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methods and used in a variety of scenarios. With such an eval-uation it becomes possible to determine the best authentication strategies. One way to tackle this problem is by means of benchmark-ing. Benchmarks have been proposed in the past for perfor-mance evaluation of many technologies, ranging from CPU units to watermarking technologies [4]. An advantage of benchmarks is that they see methods for testing as black boxes, which allows a high degree of generality. Despite this great advantage, one must be aware that benchmarks also entail issues such as how to choose fair (unbiased) conditions for benchmarking without an exponential increase in the associated computational burden. The main goal of the eNTERFACE Workshop Project num-ber 12 has been to create a GUI-driven benchmark in order to test multimodal identification strategies. This technical report contains information on the planning and development of this project. The remainder of this document is organized as follows. In Section2we describe the basic structure of the benchmark. In Section3we give the benchmark specifications which have been used as guidelines for implementing the benchmark, while Section4describes the methods and functions implemented to be tested within the benchmark. Finally, Sections5and6de-scribe the database collection effort and the tests undertaken, while Section7draws the conclusions and future lines of this project.
2. DESCRIPTION OF THE BENCHMARK
Early in the project preparations, it was decided to implement the benchmark prototype in Matlab. This decision was taken in order to speed up the development time, as Matlab provides a rather straightforward procedure to build GUI applications, and it is faster to write Matlab code for the development of methods to be included in the benchmark. The downside is inevitably the execution speed, which can be critical for completing bench-mark scripts within a reasonable timeframe. Nevertheless C code can also be easily interfaced to Matlab, using so called Mex files. The prototype is meant to be both usable and extendable, in order to facilitate the inclusion of new items and features. The interface has been designed so that extension or modification of the benchmark is almost completely automated. An exception is the addition of new benchmarking scripts (see Section2.4), in order to keep the benchmark implementation simple. This means that it is possible to do most operations through the GUI, and manual adjustments of the source code are only necessary for the less frequent action of adding new types of benchmark-ing scripts. A scheme showing the relationships between the different parts of the benchmarking system is shown in Figure 1. The benchmark relies on a database storing all relevant data. This is implemented in MySQL and interfaced to Matlab. The purpose of this database architecture is two-fold. Firstly, it is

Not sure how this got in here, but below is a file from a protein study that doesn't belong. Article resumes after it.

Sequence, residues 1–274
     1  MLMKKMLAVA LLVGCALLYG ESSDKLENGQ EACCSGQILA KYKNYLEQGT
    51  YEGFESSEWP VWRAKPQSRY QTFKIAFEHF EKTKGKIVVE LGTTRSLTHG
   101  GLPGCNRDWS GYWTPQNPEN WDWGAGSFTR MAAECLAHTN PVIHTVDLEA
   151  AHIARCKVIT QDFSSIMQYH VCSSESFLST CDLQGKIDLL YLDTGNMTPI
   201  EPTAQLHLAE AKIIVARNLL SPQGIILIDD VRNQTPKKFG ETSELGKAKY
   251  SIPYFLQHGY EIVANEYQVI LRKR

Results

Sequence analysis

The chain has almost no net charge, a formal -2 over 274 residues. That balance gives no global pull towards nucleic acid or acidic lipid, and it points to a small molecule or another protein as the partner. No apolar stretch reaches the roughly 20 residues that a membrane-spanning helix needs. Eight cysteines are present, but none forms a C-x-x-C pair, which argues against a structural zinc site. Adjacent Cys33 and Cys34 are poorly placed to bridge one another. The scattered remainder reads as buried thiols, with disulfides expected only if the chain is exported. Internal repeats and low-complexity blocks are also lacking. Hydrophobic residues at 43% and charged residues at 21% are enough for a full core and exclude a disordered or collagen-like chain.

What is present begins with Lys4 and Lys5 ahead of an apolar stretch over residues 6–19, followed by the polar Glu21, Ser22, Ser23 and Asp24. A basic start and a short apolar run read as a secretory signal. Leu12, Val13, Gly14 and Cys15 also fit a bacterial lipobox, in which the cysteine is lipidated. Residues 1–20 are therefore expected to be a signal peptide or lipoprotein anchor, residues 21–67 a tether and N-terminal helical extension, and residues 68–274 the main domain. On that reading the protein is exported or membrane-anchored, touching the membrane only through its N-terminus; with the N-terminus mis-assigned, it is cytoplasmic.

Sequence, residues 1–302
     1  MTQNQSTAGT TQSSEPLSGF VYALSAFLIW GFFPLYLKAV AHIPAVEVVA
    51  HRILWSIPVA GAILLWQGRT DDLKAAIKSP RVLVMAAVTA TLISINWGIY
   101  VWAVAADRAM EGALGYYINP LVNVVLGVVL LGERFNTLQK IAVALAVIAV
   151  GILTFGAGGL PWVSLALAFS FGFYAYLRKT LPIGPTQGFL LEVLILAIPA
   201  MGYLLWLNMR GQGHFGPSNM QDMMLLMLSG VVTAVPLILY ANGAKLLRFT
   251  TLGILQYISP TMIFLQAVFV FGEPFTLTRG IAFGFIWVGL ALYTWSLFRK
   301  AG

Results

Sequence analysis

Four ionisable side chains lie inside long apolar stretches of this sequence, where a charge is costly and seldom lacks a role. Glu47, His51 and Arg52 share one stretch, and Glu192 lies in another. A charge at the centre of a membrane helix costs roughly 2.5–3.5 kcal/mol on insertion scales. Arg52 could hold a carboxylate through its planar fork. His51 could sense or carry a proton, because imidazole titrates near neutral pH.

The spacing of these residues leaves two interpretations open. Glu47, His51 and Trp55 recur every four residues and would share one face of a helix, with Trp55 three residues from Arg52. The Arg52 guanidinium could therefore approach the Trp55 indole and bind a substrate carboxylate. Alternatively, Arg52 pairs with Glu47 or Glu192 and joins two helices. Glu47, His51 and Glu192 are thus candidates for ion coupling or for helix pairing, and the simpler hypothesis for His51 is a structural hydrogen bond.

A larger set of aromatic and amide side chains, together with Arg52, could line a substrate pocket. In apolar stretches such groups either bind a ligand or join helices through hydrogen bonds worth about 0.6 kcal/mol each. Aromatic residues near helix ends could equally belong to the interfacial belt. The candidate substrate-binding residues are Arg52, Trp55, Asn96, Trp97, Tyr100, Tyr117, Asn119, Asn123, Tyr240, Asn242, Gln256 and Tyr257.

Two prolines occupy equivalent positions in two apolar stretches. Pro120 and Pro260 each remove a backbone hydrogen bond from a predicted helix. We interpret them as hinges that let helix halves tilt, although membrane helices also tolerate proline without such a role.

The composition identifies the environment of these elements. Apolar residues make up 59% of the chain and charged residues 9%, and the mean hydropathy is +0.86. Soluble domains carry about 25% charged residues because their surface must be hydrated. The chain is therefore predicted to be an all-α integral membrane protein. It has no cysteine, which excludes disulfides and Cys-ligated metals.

˙ Proceedings of the eNTERFACE’07 Workshop on Multimodal Interfaces, Istanbul, Turkey, July 16 - August 10, 2007
Figure 1:Relationships between the main parts of the bench-mark.
an efficient way to store and access the information; secondly, it allows easy sharing of the data over a network in order to parallelize the benchmark in the future, thus distributing the un-avoidable computational burden of the benchmark. The project requires a database of individuals featuring sig-nals such as face images, hand images and speech. The details on the database collection task are given in Section5. All this information is stored in the MySQL database together with the identifiers (i.e., extracted features, hash values) obtained from the individuals, and all libraries of methods and functions. In or-der to minimize the effects of intra-individual variability, which especially affects some robust hashing algorithms (see for in-stance [5]), the database of individuals includes several instances of each identifier corresponding to a given individual. The benchmark admits new modules through four libraries (see Figure1) whose function we describe next.
2.1. Library of monomodal methods This library contains standard monomodal methods which can be added, removed or edited through the GUI (see Section3.6). For each method two functions are defined: An acquisition function, that takes as input a file con-taining a signal of the given modality (e.g., an audio clip or image) associated with a particular individual, as well as function-dependent parameters, such as thresholds and other. It outputs an identifier vector, binary or realvalued, depending on the method. The output identifier is stored in the database associated with the individual whose sig-nal has been used.
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A comparison function, which takes as input two iden-tifier vectors plus any necessary parameters, and outputs both a Boolean (hard) decision of similarity between them, and a (soft) reliability measure. This reliability shows the degree of confidence we put in the decision which is put forward by the function. As we will discuss in the next section, it is a key element in order to optimally combine two different modalities.